Cabello History, Family Crest & Coats of Arms
The origins the old family name Cabello can be found within medieval Spain. While the patronymic and metronymic surnames, which are derived from the name of the father and mother respectively, are the most common form of a hereditary surname in Spain, occupational surnames also emerged during the late Middle Ages. Many people, such as the Cabello family, adopted the name of their occupation as their surname. The surname Cabello was an occupational name for a knight or a knight's servant.
Early Origins of the Cabello family
The surname Cabello was first found in Castile, an important Christian kingdom of medieval Spain.
Early History of the Cabello family
This web page shows only a small excerpt of our Cabello research. Another 95 words (7 lines of text) covering the years 1176, 1535, 1572, 1656, 1704, 1697, 1703, 1645, 1697, 1670 and 1679 are included under the topic Early Cabello History in all our PDF Extended History products and printed products wherever possible.
Cabello Spelling Variations
Spelling variations of this family name include: Caballero, Caballeros, Caballer, Caballé, Caballe, Caballería, Caballeria, Caballo, Caballos, de Caballos, Cavallo, Cavallos, de Cavallos, Cavallón, Cavallon, de Cavallón, de Cavallon, Cavallero, Cavallería and many more.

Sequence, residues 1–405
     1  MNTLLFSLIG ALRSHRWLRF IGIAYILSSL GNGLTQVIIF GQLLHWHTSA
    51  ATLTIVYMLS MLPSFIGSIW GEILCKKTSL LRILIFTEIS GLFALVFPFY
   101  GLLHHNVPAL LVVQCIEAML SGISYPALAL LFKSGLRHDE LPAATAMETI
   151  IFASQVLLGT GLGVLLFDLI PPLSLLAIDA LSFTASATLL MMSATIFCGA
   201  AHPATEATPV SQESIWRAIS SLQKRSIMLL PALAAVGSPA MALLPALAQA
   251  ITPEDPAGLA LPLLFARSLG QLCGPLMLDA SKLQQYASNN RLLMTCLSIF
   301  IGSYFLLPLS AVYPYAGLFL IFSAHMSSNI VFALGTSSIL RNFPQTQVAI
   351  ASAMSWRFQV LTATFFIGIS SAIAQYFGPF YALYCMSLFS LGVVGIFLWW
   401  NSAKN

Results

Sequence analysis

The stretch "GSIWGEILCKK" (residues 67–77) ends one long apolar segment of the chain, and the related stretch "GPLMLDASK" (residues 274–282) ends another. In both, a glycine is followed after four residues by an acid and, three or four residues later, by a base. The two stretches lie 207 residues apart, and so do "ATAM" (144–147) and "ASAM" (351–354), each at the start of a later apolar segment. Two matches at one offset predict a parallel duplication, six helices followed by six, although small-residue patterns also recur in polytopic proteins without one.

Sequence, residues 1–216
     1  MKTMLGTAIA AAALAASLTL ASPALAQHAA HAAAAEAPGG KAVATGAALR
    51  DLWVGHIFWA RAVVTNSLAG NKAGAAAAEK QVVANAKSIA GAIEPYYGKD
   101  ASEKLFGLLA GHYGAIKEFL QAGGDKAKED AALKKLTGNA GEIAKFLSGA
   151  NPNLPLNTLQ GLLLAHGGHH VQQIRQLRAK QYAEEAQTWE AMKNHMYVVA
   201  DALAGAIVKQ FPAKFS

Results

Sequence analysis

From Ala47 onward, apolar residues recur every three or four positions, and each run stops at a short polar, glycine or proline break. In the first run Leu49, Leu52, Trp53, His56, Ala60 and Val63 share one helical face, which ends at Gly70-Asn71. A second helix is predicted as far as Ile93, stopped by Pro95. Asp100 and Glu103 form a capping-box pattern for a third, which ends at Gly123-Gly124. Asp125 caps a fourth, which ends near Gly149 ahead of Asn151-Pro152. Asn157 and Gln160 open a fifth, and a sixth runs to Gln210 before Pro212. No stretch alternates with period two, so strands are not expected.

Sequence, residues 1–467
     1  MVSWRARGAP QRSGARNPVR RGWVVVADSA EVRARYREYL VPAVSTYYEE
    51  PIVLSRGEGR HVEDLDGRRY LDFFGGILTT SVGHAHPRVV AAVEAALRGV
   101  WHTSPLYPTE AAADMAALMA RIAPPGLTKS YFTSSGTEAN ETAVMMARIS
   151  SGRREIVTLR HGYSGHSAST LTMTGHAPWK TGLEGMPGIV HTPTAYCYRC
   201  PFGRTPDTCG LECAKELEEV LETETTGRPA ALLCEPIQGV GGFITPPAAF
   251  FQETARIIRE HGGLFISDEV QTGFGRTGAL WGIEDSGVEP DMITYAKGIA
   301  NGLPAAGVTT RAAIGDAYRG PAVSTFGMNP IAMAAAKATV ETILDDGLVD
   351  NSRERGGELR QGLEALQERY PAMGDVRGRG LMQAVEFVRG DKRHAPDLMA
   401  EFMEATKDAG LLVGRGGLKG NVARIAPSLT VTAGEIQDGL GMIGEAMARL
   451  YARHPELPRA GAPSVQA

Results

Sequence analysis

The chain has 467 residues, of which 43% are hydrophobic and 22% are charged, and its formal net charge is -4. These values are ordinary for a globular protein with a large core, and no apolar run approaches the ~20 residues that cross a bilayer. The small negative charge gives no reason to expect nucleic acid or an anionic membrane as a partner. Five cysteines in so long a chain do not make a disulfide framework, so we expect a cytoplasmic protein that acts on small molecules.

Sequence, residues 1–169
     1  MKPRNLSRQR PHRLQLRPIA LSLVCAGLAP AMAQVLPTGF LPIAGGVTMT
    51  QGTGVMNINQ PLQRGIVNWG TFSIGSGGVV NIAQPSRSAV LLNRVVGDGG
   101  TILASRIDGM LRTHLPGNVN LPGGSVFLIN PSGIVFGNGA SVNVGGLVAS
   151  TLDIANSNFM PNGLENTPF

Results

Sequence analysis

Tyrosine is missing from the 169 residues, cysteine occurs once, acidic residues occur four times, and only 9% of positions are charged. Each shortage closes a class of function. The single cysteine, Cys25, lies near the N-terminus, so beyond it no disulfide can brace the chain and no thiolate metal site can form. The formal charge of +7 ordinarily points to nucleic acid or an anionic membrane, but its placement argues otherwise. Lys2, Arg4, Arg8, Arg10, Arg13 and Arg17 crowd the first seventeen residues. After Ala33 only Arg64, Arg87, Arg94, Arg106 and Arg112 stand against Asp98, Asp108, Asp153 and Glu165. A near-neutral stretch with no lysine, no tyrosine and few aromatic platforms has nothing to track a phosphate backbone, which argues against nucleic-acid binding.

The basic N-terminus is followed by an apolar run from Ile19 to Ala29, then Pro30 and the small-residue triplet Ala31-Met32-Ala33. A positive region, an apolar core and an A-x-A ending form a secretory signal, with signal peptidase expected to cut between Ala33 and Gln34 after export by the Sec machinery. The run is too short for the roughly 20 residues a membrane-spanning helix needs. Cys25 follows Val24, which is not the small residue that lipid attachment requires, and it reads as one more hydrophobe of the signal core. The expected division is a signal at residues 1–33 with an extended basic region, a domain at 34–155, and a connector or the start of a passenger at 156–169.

Early Notables of the Cabello family (pre 1700)
Prominent among members of the family Francisco Cevallos, Spanish composer, active from 1535 to 1572 and was canon and musical director of the cathedral at Burgos. Among his compositions scattered throughout Spain, may be mentioned a fine mass in the church 'Del Pilar' at Saragossa, and a motet 'Inter vestibulum' in Eslava's Lira Sacra Hispaña. 
Other early notables include: Pedro Rodríguez Cubero (1656-1704), a Spanish admiral, Governor of New Mexico between 1697 and 1703; Pedro...
In the United States, the name Cabello is the 12,255th most popular surname with an estimated 2,487 people with that name. 
Some of the first settlers of this family name were:
Cabello Settlers in United States in the 19th Century
The British first settled the British West Indies around 1604. They made many attempts but failed in some to establish settlements on the Islands including Saint Lucia and Grenada. By 1627 they had managed to establish settlements on St. Kitts (St. Christopher) and Barbados, but by 1641 the Spanish had moved in and destroyed some of these including those at Providence Island. The British continued to expand the settlements including setting the First Federation in the British West Indies by 1674; some of the islands include Barbados, Bermuda, Cayman Island, Turks and Caicos, Jamaica and Belize then known as British Honduras. By the 1960's many of the islands became independent after the West Indies Federation which existed from 1958 to 1962 failed due to internal political conflicts. After this a number of Eastern Caribbean islands formed a free association. 
Cabello Settlers in West Indies in the 19th Century